Low-Cost Two-Stage Magnetron with Power Control for Project X

Award Information
Agency:
Department of Energy
Branch
n/a
Amount:
$100,000.00
Award Year:
2011
Program:
STTR
Phase:
Phase I
Contract:
DE-FG02-11ER86487
Award Id:
n/a
Agency Tracking Number:
97642
Solicitation Year:
2011
Solicitation Topic Code:
60 c
Solicitation Number:
DE-FOA-0000413
Small Business Information
552 N. Batavia Ave, Batavia, IL, 60510-
Hubzone Owned:
N
Minority Owned:
N
Woman Owned:
N
Duns:
117921259
Principal Investigator:
Michael Neubauer
Mr.
(707) 360-5038
mike@muonsinc.com
Business Contact:
Thomas Roberts
Dr.
(630) 840-2424
tjrob@muonsinc.com
Research Institution:
Fermi National Accelerator Laboratory

P.O. Box 500
Batavia, IL, 60510-
() -
Federally funded R&D center (FFRDC)
Abstract
State of the art high intensity proton accelerators require the development of low cost, reliable RF sources with phase stability of less than 1 degree and amplitude control of +/- 15%. These power sources feed superconducting RF cavities for linacs capable of accelerating protons and ions up to several GeV. A two-stage phase-locked magnetron RF source based on the principle of reflection amplifiers will be developed to feed individual superconducting cavities. The 30-40 db gain of the system will be controlled by a single power supply driving the two magnetrons in parallel, to cancel the variation of the output power due to power supply ripple. The power source for the amplifier chain will feed both magnetrons to enable rapid time-to-lock so the system feedback loop will adjust the gain to the SRF cavity fast enough to damp instabilities caused by microphonics. The development of experimental tests using two magnetrons in parallel off the same power supply with control of the complex impedance of the magnetron loads will test the principle of ripple cancellation which is one of the keys to the low cost design of the power supply. A local oscillator will be fed to both magnetrons and measurements made of the time-to-lock. Commercial Applications and Other Benefits: If this project is successful, SRF linacs will have an option for low cost, highly-efficient RF sources. Other related SRF linac applications such as accelerator-driven subcritical reactors for power generation and the burning of nuclear waste will also be more affordable. In addition, if the time-to-lock and power supply ripple issues are addressed, the magnetron amplifier chain may have important radar applications.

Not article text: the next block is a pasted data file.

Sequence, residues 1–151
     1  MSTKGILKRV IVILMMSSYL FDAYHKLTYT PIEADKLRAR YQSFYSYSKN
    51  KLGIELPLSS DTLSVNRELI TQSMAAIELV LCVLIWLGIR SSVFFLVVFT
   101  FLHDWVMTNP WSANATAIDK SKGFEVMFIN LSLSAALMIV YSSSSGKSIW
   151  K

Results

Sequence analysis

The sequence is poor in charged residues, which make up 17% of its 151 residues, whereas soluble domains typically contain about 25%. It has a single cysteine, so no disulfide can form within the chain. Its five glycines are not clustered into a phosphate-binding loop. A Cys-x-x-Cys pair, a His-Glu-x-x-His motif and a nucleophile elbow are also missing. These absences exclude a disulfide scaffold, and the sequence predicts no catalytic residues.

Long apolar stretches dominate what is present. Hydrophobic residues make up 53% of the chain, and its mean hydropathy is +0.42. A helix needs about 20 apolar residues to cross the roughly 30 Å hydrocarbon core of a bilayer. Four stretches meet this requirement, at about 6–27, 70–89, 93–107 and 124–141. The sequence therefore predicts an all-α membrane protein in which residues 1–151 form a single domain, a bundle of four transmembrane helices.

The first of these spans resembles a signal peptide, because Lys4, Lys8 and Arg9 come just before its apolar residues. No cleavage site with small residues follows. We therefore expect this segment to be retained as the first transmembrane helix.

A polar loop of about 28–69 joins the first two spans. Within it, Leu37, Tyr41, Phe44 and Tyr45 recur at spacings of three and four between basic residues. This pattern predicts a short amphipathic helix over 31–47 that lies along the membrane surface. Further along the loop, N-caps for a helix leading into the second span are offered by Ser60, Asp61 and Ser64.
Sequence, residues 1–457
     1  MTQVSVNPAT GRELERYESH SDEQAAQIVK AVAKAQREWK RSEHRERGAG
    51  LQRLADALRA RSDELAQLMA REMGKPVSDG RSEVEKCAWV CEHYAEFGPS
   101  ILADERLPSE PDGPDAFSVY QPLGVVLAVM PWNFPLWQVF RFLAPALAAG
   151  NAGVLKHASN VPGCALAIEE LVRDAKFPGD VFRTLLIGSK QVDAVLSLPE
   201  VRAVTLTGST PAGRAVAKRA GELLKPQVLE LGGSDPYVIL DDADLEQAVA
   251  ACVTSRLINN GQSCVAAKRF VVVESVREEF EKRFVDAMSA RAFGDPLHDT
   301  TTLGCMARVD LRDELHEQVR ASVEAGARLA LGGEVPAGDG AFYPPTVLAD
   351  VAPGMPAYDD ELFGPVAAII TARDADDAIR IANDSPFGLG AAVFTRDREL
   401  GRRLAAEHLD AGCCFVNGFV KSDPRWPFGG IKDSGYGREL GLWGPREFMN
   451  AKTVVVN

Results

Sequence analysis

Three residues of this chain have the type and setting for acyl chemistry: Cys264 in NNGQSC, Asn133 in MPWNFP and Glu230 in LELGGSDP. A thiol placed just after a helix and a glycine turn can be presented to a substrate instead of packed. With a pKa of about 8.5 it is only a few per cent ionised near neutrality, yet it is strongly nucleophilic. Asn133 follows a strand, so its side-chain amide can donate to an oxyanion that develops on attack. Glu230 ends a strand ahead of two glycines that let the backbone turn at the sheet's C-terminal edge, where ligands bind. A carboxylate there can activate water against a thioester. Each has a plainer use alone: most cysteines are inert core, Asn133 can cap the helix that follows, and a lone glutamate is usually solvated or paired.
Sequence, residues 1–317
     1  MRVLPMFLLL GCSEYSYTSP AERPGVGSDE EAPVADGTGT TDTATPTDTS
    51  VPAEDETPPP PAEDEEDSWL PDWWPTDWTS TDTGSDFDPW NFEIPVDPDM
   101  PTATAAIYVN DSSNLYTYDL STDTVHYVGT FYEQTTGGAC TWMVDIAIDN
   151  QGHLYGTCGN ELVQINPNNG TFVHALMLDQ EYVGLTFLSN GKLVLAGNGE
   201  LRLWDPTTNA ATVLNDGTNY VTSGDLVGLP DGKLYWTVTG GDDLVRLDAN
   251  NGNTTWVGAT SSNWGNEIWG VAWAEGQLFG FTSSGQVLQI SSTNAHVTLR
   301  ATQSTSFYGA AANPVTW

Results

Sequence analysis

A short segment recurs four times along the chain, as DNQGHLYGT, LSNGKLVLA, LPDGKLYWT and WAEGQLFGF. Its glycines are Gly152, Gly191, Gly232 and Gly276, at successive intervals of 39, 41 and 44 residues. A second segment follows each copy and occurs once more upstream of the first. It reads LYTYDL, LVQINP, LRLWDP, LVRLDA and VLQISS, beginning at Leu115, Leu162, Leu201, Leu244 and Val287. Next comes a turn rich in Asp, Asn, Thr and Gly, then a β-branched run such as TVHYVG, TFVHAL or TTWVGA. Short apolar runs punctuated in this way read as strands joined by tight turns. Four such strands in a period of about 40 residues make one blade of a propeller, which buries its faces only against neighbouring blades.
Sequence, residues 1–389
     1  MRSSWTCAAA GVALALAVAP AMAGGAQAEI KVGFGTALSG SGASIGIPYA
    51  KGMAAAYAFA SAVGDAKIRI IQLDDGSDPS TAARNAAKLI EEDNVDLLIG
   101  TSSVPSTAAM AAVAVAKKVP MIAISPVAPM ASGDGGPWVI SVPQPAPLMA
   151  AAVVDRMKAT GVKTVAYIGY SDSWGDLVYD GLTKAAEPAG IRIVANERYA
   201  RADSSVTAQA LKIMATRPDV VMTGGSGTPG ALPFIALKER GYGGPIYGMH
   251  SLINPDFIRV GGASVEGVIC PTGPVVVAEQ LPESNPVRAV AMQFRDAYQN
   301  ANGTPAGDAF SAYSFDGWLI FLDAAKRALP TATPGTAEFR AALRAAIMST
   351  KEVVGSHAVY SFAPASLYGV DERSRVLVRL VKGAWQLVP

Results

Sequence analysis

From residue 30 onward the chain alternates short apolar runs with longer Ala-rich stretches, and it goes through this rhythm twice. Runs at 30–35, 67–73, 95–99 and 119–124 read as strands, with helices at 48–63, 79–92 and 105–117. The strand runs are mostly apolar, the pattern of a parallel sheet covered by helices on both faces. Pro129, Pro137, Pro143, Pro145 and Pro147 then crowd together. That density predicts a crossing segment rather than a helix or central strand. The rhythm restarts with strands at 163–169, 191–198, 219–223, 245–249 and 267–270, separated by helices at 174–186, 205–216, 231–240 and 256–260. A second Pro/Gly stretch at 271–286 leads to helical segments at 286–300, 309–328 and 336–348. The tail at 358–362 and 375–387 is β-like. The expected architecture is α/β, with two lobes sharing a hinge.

* information listed above is at the time of submission.

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